Also gone is top defensive tackle Jordan Thompson, and former defensive end Trevor Kent moved inside this spring to try and fill his shoes. They'll have to replace three other key pieces on defense in No. 1 cornerback Montre Hartage, safety Jared McGee, and outside linebacker Nate Hall.
But the staff feels good about the defensive depth coming up the ranks, especially after a number of injuries last season forced a lot of young players to step up.
Offensive star: RB Isaiah Bowser
Northwestern was dealt a huge blow early on last season when starting running back Jeremy Larkin retired from football due to injury after just three games. Enter Bowser.
The true freshman took over the No. 1 job and ended up becoming the Wildcats' offensive workhorse, rushing 197 times for 866 yards and six touchdowns, the third-most rushing yards in a season by a true freshman in program history.
Northwestern gradually adapted its offense around the 6-foot-1, 216-pound native of Sidney, Ohio, over the final eight games of 2018, and he should once again be the focal point as a sophomore.
Defensive star: LB Paddy Fisher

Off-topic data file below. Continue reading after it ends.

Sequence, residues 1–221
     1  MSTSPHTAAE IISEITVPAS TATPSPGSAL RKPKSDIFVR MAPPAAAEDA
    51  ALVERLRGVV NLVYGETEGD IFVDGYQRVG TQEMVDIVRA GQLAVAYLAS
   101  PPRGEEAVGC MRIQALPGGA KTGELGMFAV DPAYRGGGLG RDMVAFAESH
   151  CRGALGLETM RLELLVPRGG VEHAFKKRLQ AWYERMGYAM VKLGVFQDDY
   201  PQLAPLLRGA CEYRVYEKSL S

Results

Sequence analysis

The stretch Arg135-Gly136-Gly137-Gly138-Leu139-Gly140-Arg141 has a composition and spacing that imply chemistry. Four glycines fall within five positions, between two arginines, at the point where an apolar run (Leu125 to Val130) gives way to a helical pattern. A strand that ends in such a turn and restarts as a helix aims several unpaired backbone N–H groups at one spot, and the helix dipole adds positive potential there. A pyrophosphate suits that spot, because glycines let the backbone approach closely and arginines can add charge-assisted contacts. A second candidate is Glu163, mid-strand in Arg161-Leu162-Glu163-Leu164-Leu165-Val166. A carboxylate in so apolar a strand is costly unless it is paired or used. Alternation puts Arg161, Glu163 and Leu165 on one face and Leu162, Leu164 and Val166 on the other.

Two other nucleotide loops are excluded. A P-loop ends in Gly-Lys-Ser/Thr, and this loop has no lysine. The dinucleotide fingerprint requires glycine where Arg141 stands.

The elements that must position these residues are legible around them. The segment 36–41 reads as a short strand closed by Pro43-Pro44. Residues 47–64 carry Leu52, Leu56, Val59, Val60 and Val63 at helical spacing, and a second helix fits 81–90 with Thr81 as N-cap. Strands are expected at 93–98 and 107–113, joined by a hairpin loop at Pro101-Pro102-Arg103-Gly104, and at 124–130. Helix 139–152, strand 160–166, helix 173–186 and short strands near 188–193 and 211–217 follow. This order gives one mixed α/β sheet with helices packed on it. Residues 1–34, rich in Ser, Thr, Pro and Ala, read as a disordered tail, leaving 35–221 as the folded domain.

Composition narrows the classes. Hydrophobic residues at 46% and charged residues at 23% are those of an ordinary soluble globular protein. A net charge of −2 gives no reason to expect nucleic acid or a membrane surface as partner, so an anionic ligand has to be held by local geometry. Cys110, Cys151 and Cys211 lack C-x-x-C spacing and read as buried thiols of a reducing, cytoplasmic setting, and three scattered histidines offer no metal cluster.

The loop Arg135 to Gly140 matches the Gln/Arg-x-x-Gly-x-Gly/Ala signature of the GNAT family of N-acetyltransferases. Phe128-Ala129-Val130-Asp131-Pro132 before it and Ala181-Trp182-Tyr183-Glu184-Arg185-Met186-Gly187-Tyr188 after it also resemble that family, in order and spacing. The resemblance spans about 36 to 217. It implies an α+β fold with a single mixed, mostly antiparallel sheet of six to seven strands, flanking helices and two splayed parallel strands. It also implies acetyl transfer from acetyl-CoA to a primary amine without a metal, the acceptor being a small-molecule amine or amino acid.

Few defensive players in the Big Ten have been more productive over the past two seasons than Fisher.
A Freshman All-American and a second-team all-conference selection in 2017, Fisher posted his second straight 100-tackle season (116) and tied for the Big Ten lead with four forced fumbles last year as a true sophomore.
The 6-foot-4, 241-pound native of Katy, Texas, earned first-team all-league honors (coaches) for his efforts, and his 227 total tackles over the past two seasons are the most of any Big Ten player.
Fisher is the clear leader of the defense and will again be one of the faces of the program. Should his impressive production continue in 2019, he could potentially forego his senior year for an early jump to the NFL.
Biggest question: Who will handle the kicking game?
Rebuilding the offensive line will once again be the primary question mark for Northwestern to answer this offseason, but another issue that's come up is how the team is going to improve its kicking and punting units that struggled mightily last year.
Punter Jake Collins has moved on after one season in Evansville following his grad transfer year, and the two primary candidates for the job right now are walk-ons in sophomore and Lincoln (Neb.) Northeast grad Cody Gronewold and redshirt freshman Jake Genyk.